Breaking news: AusVaxSafety expands

2 November 2016

The Minister for Health and Aged Care, the Honourable Sussan Ley, announced a major expansion of the AusVaxSafety system in Canberra today, alongside the launch of the new National Shingles Vaccination Program. AusVaxSafety, a collaborative initiative led by NCIRS and funded by the Australian Government Department of Health, actively monitors the safety of vaccines using SMS-feedback from recently vaccinated children and adults. From November 2016, AusVaxSafety will expand to support the National Shingles Vaccination Program as well as monitor influenza vaccine safety in all age groups. While vaccines are an incredibly safe way to protect against disease, this system helps provide continuous safety monitoring to ensure public confidence in taking up vaccination. From 2017, AusVaxSafety will routinely report on all vaccines given to people of any age.

AusVaxSafety is established in 110 sentinel immunisation providers across all Australian states and territories and will expand to over 200 sites in 2017. General practices, hospital- and community-based clinics and Aboriginal Medical Services participate. AusVaxSafety partners with and is made possible by several computer-based automated surveillance tools, particularly SmartVax and Vaxtracker, which send SMSs or web-based surveys to parents of recently vaccinated children and to recently vaccinated adults, to check how they felt after vaccination. A third tool called STARSS, an NHMRC-funded study comparing methods of surveillance, also reports to AusVaxSafety. Data is analysed in collaboration with colleagues at the Telethon Kids Institute, who use statistical methods to automatically detect safety signals.

Two other methods of tracking vaccine safety will also be supported under the AusVaxSafety umbrella. One is the national Adverse Events Following Immunisation Clinical Assessment Network (AEFI-CAN), which consists of specialised services that support the roll-out of vaccines to people with complex medical needs. The other is a new partnership with NPS MedicineWise to monitor vaccine safety using data from MedicineInsight, a network of over 500 general practices that supports quality use of medicines in Australia and which has not previously been used to examine vaccines.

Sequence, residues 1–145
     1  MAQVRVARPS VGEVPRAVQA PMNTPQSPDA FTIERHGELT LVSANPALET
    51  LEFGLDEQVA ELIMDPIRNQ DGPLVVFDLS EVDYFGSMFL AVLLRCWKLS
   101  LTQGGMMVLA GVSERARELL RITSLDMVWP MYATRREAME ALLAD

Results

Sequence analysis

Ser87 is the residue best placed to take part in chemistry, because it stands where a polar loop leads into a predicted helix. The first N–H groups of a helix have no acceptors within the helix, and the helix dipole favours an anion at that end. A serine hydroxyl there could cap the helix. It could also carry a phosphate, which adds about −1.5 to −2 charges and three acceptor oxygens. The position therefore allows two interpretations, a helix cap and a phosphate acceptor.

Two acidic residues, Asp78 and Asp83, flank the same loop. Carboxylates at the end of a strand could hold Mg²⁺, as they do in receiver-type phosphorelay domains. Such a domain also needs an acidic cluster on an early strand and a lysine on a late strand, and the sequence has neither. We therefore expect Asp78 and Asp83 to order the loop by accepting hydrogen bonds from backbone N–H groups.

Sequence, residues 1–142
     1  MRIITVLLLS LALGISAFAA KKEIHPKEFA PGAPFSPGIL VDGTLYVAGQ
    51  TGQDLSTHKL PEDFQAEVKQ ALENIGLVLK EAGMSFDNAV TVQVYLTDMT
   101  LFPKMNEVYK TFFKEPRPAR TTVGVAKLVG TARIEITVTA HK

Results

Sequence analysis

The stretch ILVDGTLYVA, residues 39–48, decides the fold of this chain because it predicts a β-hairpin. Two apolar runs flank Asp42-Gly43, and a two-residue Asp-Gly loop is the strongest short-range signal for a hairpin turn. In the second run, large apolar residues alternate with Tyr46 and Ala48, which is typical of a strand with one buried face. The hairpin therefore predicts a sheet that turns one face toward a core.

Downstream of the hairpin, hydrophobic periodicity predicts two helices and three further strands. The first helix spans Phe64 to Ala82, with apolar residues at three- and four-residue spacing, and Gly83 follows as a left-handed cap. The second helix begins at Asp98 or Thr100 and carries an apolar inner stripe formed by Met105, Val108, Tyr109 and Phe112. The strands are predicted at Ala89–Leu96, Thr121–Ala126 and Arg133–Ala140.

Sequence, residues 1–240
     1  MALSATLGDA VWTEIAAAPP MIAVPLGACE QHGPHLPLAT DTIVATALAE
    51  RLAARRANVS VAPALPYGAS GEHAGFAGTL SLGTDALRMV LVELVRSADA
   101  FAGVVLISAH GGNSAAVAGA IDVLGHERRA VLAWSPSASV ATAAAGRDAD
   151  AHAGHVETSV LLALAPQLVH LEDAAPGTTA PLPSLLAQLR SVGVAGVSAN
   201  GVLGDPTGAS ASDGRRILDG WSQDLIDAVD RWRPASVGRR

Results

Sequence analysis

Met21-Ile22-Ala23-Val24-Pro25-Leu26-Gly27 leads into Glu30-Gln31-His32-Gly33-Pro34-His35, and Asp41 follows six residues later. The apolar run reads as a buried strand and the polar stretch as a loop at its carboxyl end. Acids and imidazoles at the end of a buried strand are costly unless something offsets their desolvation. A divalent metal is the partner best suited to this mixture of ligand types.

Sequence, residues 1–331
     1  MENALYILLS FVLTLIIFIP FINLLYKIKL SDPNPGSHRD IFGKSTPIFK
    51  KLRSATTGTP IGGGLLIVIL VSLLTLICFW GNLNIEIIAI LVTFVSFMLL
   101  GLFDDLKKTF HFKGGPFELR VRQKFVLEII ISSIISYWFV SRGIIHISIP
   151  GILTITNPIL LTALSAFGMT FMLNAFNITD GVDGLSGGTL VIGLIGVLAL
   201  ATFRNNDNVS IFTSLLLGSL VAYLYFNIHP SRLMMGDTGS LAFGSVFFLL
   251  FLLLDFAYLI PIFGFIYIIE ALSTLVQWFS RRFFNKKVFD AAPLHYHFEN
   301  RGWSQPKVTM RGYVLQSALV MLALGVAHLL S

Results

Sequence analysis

Real-time reporting in 2016

During 2016, AusVaxSafety surveillance has been conducted for influenza vaccine in children aged 6 months to <5 years and pertussis-containing booster vaccines in children aged 12 months to <7 years. Our monitoring has shown that both of these vaccines continue to be very safe. On average, 9 out of 10 children are reported by their parents as having experienced no side effects after vaccination; in those who have reported potential reactions, they are mostly mild and short-lived.

Data compiled by AusVaxSafety are summarised in reports for the Australian Government Department of Health Immunisation Branch and the Therapeutic Goods Administration (TGA), and shared with participating state and territory health departments. Reports are written and distributed weekly for influenza vaccine-associated reactions (during influenza season only) and monthly for reactions associated with pertussis-containing vaccines.

Current vaccine safety surveillance

AusVaxSafety influenza vaccine surveillance numbers as of 4 September 2016

  • 3745 children participated

  • 358 reported any reaction (typically mild fever, tiredness)

  • 40 (1.1%) reported medical attendance sought (typically a visit to the GP)


AusVaxSafety pertussis-containing vaccine surveillance numbers as of 17 October 2016

  • 6914 children participated

  • 1380 reported any reaction (typically reaction at injection site, mild fever, tiredness)

  • 121 (1.8%) reported medical attendance sought (typically a visit to the GP)


For 2015 influenza vaccine results, please refer to our Eurosurveillance article: Real-time safety surveillance of seasonal influenza vaccines in children, Australia, 2015.

For more information

For further information on AusVaxSafety:
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 Last updated 2 November 2016